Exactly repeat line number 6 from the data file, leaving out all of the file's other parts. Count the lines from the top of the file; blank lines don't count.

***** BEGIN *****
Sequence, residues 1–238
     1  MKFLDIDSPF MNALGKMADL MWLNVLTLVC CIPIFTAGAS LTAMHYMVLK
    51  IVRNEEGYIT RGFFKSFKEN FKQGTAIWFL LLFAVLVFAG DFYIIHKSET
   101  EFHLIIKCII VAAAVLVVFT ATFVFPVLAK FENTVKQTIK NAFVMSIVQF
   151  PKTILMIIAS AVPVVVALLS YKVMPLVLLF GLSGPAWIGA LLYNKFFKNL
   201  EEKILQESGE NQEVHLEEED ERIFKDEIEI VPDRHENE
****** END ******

   201  EEKILQESGE NQEVHLEEED ERIFKDEIEI VPDRHENE